The carotid arteries provide the main blood supply to the brain. They are located on each side of your neck. You can feel their pulse under your jawline.
Carotid artery stenosis occurs when the carotid arteries become narrowed or blocked. This can lead to stroke.
Whether or not your doctor recommended surgery to unblock narrowed arteries, medicines and lifestyle changes can:
- Prevent further narrowing of these important arteries
- Prevent a stroke from occurring
Making certain changes to your diet and exercise habits can help treat carotid artery disease. These healthy changes can also help you maintain a healthy weight and manage high blood pressure and cholesterol.
- Eat plenty of fruits and vegetables. Fresh or frozen are better choices than canned, which may have added salt or sugar.
- Choose high-fiber foods, such as whole-grain breads, pastas, cereals, and crackers.
- Eat lean meats and skinless chicken and turkey.
- Eat fish twice a week. Fish is good for your arteries.
- Cut back on saturated fat, cholesterol, and added salt and sugar.
Be more active.
- Talk with your doctor first to make sure you are healthy enough to exercise.
- Walking is an easy way to add activity to your day. Start with 10 to 15 minutes a day.
- Start gradually and build up to 150 minutes of exercise a week.
Stop smoking, if you smoke. Quitting reduces your risk of stroke. Talk with your doctor about quit-smoking programs.
If lifestyle changes do not lower your cholesterol and blood pressure enough, medicines may be prescribed.
- Cholesterol medicineshelp your liver produce less cholesterol. This prevents plaque, a waxy deposit, from building up in the carotid arteries.
- Blood pressure medicinesrelax your blood vessels, make your heart beat slower, and help your body get rid of extra fluid. This helps lower high blood pressure.
- Blood-thinning medicines, such as aspirin or clopidogrel, decrease the chance of blood clots forming and help lower your risk of stroke.
These medicines can have side effects. If you notice side effects, be sure to tell your doctor. Your doctor may change the dose or type of medicine you take to help reduce side effects. Never stop taking medicines or take less medicine without talking to your doctor first.
Your doctor will want to monitor you and see how well your treatment is working. At these visits, your doctor may:
- Use a stethoscope to listen to the blood flow in your neck
- Check your blood pressure
- Check your cholesterol levels
You may also have imaging tests done to see if the blockages in your carotid arteries are becoming worse.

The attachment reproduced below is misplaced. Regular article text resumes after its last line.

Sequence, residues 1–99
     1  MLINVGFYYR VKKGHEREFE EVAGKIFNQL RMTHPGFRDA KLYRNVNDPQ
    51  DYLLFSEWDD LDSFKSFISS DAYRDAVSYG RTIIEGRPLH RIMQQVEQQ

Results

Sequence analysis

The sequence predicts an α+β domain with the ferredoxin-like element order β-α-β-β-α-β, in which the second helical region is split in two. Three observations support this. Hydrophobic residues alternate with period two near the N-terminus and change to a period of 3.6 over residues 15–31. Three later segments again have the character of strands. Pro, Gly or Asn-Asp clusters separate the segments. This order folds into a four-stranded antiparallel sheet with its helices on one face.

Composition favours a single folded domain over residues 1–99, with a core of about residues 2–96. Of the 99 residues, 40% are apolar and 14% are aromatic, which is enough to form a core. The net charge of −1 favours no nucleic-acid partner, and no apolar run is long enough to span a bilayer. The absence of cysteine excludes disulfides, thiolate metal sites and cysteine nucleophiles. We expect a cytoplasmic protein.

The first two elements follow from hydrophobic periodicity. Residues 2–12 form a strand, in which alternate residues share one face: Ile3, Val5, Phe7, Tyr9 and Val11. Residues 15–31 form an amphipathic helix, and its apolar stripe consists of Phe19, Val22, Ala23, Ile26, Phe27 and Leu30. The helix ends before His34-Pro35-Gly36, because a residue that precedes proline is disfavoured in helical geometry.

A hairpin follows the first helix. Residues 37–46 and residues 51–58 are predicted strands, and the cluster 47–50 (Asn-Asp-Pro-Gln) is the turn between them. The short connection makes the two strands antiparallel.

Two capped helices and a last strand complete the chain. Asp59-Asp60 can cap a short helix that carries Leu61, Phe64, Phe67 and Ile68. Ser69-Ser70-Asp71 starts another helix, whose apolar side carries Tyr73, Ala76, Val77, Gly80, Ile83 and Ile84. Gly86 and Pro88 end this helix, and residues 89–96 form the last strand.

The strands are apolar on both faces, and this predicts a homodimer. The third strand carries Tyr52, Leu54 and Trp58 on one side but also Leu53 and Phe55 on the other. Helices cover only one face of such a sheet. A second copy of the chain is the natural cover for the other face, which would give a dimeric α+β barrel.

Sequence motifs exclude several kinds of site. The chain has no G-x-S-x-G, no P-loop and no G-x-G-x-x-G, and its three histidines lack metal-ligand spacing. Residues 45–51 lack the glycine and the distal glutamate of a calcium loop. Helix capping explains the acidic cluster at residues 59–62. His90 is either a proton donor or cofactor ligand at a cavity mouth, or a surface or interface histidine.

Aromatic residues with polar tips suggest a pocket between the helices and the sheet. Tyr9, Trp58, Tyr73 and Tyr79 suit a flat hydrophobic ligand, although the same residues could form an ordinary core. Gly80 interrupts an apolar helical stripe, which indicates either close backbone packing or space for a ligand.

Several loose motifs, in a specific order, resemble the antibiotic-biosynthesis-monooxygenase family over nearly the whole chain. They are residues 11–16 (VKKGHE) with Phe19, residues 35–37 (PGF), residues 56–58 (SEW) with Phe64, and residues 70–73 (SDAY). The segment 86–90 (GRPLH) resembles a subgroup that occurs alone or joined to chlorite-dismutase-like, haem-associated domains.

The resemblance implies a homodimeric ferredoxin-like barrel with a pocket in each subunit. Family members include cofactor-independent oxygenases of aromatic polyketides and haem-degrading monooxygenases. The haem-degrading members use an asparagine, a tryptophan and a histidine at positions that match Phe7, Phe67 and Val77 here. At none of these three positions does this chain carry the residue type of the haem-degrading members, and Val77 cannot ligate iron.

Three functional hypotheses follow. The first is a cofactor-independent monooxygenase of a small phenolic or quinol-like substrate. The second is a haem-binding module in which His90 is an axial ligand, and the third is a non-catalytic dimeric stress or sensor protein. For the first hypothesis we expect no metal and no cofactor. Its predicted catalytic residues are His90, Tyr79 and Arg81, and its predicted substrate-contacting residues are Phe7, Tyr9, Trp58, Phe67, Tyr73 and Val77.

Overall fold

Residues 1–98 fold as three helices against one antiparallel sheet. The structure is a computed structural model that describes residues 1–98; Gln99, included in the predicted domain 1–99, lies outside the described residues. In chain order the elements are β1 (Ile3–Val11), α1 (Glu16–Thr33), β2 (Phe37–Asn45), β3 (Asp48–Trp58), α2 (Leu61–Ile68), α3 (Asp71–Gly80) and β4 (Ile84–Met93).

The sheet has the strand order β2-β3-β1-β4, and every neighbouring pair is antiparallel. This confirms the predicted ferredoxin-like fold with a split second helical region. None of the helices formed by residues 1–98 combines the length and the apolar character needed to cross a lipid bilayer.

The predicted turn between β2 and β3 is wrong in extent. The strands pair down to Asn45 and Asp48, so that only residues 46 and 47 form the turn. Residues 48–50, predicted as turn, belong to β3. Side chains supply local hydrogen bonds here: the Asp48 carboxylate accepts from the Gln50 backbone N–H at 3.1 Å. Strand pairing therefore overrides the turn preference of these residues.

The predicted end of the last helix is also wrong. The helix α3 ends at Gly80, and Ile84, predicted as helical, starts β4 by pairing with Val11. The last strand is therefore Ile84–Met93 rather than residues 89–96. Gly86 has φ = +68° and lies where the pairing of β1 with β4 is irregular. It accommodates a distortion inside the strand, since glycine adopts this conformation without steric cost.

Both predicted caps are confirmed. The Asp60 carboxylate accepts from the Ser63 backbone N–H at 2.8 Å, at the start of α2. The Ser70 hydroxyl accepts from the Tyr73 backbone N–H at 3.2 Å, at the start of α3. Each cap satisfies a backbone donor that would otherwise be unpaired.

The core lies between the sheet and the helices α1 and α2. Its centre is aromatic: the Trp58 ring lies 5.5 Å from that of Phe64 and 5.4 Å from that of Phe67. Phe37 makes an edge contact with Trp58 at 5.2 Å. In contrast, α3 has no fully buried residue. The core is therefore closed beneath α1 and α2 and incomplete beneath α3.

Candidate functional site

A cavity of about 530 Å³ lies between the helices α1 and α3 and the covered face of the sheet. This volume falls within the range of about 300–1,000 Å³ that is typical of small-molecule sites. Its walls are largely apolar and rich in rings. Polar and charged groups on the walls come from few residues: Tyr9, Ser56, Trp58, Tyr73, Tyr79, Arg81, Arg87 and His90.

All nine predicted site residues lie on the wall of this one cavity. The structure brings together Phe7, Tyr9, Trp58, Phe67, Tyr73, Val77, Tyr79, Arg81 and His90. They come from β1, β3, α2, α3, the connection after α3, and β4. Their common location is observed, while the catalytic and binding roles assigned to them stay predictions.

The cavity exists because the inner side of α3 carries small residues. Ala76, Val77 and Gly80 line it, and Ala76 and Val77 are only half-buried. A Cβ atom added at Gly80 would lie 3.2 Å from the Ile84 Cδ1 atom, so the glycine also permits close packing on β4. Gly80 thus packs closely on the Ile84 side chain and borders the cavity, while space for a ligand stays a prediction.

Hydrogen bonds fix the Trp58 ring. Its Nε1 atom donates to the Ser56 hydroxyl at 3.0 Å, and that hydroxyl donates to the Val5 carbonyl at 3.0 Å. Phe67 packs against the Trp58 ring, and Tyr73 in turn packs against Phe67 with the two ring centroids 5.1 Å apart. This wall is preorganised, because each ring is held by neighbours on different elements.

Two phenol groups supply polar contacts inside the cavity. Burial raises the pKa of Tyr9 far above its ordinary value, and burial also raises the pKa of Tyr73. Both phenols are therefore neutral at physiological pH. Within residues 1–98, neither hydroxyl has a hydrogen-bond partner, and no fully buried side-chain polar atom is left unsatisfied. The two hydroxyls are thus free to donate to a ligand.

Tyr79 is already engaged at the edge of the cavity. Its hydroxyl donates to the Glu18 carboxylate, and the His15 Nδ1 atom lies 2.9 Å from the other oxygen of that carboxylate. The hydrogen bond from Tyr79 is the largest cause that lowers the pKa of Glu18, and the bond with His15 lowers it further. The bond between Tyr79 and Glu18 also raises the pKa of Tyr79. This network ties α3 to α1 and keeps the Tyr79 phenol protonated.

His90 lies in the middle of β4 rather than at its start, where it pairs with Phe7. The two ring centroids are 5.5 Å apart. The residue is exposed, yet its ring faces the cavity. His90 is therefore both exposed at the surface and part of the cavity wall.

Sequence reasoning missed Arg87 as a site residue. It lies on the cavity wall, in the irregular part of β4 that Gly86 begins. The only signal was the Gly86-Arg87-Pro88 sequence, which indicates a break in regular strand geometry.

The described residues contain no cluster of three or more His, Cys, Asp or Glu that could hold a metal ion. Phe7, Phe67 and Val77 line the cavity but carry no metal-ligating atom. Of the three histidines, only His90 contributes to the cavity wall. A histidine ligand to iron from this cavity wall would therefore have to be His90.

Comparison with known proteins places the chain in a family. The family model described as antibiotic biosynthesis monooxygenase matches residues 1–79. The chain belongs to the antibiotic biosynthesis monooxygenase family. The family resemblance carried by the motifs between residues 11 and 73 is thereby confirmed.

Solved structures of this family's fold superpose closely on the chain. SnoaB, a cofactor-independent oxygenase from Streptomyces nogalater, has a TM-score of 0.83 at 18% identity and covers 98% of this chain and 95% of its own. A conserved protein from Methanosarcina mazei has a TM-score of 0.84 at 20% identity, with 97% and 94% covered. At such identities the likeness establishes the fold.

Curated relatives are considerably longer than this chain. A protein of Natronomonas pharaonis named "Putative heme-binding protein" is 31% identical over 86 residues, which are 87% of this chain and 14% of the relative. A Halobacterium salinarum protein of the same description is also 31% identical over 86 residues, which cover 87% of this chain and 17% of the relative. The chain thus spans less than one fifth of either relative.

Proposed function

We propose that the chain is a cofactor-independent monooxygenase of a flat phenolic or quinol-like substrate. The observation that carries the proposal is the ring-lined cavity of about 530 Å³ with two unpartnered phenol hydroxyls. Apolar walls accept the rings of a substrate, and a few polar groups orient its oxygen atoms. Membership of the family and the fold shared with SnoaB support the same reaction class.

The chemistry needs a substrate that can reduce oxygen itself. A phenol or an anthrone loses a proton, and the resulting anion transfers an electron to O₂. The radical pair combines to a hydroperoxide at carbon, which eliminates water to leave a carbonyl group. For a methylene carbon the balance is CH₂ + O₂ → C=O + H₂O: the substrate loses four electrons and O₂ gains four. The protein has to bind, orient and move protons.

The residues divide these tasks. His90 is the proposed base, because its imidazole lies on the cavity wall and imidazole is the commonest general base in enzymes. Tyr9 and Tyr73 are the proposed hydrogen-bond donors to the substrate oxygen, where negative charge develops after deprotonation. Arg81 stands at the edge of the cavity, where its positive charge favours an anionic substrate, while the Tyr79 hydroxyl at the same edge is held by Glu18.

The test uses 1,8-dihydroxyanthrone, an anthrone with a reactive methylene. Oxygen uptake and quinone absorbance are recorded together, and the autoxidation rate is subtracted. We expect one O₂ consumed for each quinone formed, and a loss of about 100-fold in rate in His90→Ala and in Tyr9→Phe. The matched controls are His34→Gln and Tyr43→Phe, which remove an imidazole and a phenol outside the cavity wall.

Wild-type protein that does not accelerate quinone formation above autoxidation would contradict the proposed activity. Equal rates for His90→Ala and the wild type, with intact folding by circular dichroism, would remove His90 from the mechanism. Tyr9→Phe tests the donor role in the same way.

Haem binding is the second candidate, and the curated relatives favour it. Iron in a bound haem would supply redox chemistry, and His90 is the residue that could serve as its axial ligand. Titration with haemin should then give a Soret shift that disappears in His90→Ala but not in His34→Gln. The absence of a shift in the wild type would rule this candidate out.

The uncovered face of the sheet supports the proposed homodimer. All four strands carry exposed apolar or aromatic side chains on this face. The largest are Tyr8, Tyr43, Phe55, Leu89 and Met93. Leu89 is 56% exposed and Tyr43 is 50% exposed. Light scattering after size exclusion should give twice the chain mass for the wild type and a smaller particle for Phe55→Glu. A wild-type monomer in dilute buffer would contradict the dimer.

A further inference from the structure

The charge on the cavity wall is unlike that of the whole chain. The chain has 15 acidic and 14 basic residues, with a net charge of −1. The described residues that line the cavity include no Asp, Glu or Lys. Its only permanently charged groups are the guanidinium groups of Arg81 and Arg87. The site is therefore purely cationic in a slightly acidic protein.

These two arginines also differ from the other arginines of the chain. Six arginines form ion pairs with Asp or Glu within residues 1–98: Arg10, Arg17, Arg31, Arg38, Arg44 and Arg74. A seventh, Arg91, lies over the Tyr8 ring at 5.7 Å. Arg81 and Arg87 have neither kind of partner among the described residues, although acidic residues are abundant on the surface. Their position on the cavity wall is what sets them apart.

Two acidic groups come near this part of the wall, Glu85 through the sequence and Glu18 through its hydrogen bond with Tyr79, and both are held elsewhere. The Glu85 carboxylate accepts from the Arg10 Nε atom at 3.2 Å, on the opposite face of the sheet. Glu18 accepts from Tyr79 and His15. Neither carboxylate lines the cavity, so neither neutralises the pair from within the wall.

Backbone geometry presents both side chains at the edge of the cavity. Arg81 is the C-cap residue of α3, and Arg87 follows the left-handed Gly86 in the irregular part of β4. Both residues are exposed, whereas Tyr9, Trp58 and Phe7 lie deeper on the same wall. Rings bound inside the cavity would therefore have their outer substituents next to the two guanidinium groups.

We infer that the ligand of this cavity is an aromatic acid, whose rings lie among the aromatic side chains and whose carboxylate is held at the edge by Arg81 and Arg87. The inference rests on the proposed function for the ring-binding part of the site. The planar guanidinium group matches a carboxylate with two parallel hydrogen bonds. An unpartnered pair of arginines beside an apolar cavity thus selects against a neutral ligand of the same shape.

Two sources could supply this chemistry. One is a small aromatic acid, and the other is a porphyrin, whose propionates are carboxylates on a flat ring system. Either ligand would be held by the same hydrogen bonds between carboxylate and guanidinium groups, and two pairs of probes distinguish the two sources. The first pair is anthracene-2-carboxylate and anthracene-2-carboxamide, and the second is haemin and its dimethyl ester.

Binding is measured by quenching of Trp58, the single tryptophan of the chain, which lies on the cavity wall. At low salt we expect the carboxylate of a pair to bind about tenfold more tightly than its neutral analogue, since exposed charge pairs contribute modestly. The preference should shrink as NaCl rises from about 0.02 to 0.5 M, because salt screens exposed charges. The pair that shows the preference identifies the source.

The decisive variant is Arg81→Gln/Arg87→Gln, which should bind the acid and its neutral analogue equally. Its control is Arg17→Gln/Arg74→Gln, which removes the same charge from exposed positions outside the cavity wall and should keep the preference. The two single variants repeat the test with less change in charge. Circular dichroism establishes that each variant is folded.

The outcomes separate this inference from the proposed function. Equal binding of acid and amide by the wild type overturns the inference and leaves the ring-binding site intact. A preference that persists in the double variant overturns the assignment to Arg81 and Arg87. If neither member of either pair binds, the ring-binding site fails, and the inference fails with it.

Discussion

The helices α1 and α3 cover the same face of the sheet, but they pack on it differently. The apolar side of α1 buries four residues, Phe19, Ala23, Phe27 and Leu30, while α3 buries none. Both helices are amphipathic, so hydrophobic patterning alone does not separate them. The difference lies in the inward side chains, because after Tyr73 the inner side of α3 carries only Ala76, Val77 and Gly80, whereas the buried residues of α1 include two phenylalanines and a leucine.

When to call the doctor
Having carotid artery disease puts you at risk for stroke. If you think you have symptoms of stroke, go to the emergency room or call your local emergency number (such as 9-1-1) immediately. Symptoms of a stroke include:
- Blurred vision
- Loss of memory
- Loss of sensation
- Problems with speech and language
- Vision loss
- Weakness in one part of your body
Get help as soon as symptoms occur. The sooner you receive treatment, the better your chance for recovery. With a stroke, every second of delay can result in more brain injury.
Carotid artery disease - self-care
Brott TG, Halperin JL, Abbara S, et al. American College of Cardiology Foundation/American Heart Association Task Force on Practice Guidelines, et al. 2011 ASA/ACCF/AHA/AANN/AANS/ACR/ASNR/CNS/SAIP/SCAI/SIR/SNIS/SVM/SVS guideline on the management of patients with extracranial carotid and vertebral artery disease: executive summary: a report of the American College of Cardiology Foundation/American Heart Association Task Force on Practice Guidelines, and the American Stroke Association, American Association of Neuroscience Nurses, American Association of Neurological Surgeons, American College of Radiology, American Society of Neuroradiology, Congress of Neurological Surgeons, Society of Atherosclerosis Imaging and Prevention, Society for Cardiovascular Angiography and Interventions, Society of Interventional Radiology, Society of NeuroInterventional Surgery, Society for Vascular Medicine, and Society for Vascular Surgery. Vasc Med. 2011;16:35-77.
Update Date 4/9/2014
Updated by: Glenn Gandelman, MD, MPH, FACC Assistant Clinical Professor of Medicine at New York Medical College, and in private practice specializing in cardiovascular disease in Greenwich, CT. Review provided by VeriMed Healthcare Network. Also reviewed by David Zieve, MD, MHA, Isla Ogilvie, PhD, and the A.D.A.M. Editorial team.